In the next chapter, John’s Epilogue, we again have differentiating Greek words translated to a singular English word. In this case “love” applies to “eros”, “philia”, and “agape” (only the later two appear in Chapter 21). Here Karmic redemption is instantly bestowed upon Peter for his three denials. Christ asks him “do you love me?” three times. The first two questions use the word “agape”. Peter responds with “yea Lord, you know that I love (philia) you.”  After each answer Christ makes a request. First Christ asks him to “feed my lambs”. Next Christ requests Peter “take care of my sheep.” Now a third time Christ questions Peter thereby offering redemption for his third denial. Peter bemoans being questioned like this.  In this third question, Christ no longer uses the word “agape” but now uses “philia”. Peter’s reply tells of the level of love Peter is capable of, namely Philia, when he says ” Lord, you know all things; you know that I love (philia) you.” Peter cannot stretch the truth and he knows Christ knows the truth even of the level of love in one’s soul. Peter, the rock on which Christ was to build his church, honestly knows, at this time, that Philia, love as in the lover of Sophia, the philosopher, is the heights of his love. The disciple whom the Lord loved, however, was capable of agape. But the world was not. So the church must begin with Peter who first entered the tomb and must wait for a future time for the Christianity of Agape. Has that time arrived?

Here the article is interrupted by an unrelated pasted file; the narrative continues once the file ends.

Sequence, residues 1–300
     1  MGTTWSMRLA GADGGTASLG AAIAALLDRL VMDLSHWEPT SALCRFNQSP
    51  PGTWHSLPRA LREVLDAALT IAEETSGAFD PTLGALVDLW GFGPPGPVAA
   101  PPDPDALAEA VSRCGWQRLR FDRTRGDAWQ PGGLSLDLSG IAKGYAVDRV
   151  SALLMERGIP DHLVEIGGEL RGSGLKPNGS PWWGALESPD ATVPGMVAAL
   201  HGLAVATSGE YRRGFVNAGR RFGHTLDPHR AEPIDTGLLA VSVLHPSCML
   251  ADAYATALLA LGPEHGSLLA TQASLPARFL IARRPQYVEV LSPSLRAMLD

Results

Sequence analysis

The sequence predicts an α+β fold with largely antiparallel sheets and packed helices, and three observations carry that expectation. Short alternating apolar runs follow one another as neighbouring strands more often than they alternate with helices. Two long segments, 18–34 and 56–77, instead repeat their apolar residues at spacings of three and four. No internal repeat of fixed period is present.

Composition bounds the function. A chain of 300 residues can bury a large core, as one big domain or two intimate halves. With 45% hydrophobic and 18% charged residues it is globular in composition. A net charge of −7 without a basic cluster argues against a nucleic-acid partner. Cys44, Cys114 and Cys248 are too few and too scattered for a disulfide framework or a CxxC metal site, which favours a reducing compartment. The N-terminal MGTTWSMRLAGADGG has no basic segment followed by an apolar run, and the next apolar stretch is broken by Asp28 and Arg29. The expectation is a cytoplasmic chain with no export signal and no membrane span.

[1] Jos Verhulst, https://www.academia.edu/11734939/The_esoteric_content_of_The_Descent_from_the_Cross_P.P.Rubens_1612_our_ladys_cathedral_Antwerp_._Part_II_relationships_with_Johns_gospel